I was disappointed to see that two of your front-page stories on Friday were on the subject of high school students not graduating. The tone of both stories seemed to be sympathetic to the students, and implied that the schools should have allowed these students to participate in graduation exercises.
With the increasing call for higher standards for graduation, using front-page space to sympathize with students who did not meet the requirements for graduation was an odd choice. Should we let anyone who feels left out graduate? Why have any standards at all?
If Collin Murphy had time for a part time job and time to play baseball, he could have made time for his schoolwork if graduating with his class was important enough to him. He should probably be apologizing to his grandmother instead of looking for public sympathy.
If Mark Klinefelter did not pass the reading portion of the WASL, he needs to continue to work on his reading skills until he has reached the standard required by our state school system. I have great admiration for anyone learning a foreign language, but if students who don’t speak English as their first language are held to a lower standard, we are doing them a disservice. What about students who struggle with dyslexia or other learning disabilities? Should the requirements be lowered for them, or do they just have to work harder than other students do? Life may not be fair, but making the requirements for graduation apply to everyone equally is.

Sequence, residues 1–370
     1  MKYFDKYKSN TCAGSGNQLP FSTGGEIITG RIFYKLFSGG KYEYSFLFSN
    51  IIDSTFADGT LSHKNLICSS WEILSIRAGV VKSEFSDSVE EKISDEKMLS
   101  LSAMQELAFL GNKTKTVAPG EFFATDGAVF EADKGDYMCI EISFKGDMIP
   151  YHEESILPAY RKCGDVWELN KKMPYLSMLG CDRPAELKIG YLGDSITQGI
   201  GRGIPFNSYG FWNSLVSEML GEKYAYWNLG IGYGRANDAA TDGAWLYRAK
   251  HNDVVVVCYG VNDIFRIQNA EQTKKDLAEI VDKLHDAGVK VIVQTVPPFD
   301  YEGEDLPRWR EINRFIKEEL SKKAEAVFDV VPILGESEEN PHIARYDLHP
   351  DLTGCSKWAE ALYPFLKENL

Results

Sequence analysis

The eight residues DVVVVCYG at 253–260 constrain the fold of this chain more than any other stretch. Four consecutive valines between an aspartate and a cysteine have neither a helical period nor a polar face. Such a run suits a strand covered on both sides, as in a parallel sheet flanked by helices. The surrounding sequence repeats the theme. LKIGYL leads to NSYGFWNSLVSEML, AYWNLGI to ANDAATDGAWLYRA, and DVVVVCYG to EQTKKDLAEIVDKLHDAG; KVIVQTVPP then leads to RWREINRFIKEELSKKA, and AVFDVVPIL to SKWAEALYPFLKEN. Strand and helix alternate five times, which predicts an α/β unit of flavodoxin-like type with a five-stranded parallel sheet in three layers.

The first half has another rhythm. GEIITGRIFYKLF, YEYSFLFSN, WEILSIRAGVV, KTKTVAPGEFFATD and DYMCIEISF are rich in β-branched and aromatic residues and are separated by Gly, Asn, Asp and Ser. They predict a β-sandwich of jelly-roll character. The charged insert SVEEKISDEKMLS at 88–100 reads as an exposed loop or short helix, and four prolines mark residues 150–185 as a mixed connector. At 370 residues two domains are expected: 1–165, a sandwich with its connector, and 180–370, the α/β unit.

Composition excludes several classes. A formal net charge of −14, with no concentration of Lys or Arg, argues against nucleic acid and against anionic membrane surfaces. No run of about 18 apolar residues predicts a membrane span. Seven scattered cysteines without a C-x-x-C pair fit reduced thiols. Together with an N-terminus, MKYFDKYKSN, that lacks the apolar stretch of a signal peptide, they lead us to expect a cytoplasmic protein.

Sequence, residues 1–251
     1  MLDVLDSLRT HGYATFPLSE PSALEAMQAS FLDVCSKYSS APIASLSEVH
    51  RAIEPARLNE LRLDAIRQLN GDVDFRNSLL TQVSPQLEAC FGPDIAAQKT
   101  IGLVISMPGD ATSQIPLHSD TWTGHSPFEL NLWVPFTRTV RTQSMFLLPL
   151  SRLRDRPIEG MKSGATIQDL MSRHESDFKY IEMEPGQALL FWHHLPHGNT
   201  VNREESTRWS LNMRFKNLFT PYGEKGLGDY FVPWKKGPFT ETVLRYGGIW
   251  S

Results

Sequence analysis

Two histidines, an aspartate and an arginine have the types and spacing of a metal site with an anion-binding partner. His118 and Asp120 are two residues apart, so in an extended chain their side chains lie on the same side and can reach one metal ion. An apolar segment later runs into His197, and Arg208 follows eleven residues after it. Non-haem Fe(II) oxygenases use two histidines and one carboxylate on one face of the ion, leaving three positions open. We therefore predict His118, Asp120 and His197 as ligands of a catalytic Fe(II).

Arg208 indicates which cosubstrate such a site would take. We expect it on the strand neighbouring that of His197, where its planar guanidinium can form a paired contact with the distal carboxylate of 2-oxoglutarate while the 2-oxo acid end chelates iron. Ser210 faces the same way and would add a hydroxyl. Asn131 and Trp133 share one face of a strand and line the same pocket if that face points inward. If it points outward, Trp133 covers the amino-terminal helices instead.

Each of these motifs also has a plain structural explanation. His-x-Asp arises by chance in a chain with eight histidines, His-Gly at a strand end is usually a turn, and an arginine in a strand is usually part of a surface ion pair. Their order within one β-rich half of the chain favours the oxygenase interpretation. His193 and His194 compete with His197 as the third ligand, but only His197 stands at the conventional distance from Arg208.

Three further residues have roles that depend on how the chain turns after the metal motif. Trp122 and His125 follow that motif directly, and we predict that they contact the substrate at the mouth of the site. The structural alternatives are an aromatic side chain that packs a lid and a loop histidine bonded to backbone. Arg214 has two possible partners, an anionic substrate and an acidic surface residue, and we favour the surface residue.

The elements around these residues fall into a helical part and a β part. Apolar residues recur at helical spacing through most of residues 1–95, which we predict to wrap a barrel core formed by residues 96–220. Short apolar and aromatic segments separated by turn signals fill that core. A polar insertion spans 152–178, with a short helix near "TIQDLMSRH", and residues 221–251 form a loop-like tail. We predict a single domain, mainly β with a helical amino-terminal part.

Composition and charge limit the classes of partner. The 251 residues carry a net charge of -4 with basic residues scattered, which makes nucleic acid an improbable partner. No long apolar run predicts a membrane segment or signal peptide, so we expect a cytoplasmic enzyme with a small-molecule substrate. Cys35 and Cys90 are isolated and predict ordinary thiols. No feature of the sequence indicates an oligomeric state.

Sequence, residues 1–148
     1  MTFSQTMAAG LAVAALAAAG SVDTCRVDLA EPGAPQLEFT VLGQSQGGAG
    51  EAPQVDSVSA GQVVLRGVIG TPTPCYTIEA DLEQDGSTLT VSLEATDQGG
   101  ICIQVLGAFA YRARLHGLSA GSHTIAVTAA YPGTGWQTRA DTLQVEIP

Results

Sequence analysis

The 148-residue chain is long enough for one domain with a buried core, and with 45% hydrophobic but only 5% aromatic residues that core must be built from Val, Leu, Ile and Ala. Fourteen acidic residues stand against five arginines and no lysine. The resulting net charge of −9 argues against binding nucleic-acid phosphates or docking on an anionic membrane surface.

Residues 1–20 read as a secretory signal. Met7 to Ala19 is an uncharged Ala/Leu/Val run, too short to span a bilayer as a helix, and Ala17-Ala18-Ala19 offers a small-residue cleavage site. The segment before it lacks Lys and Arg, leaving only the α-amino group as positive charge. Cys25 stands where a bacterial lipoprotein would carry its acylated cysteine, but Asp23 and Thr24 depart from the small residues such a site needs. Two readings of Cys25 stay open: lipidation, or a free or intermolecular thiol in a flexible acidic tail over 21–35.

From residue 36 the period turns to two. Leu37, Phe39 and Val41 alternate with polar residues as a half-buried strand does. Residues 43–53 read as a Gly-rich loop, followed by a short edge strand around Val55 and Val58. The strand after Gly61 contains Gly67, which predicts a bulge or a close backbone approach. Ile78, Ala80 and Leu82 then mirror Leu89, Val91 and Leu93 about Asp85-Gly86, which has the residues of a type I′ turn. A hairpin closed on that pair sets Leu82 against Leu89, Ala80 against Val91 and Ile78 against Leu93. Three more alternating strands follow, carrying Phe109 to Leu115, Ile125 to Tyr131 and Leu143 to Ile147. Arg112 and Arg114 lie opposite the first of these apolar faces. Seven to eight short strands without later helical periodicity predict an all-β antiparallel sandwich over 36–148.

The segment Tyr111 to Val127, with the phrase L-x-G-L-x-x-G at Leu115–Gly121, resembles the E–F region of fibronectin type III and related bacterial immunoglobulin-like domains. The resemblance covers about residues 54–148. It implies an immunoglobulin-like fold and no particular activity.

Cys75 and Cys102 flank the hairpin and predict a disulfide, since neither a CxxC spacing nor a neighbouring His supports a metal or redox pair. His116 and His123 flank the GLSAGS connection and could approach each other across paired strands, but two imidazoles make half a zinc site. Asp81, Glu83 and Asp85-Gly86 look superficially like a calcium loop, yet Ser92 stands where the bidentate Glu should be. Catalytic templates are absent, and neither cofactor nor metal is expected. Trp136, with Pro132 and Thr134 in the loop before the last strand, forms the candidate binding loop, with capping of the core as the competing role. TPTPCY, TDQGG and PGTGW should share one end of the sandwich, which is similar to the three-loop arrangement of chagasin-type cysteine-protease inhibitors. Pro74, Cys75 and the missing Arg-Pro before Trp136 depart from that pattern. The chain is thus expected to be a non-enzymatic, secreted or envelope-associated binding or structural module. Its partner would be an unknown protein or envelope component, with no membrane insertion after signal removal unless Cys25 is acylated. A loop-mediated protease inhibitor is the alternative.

Instead of celebrating excellence and accomplishment, The Herald seems to be making excuses for substandard performance. I hope that in the future the Herald will use the front page for more important news.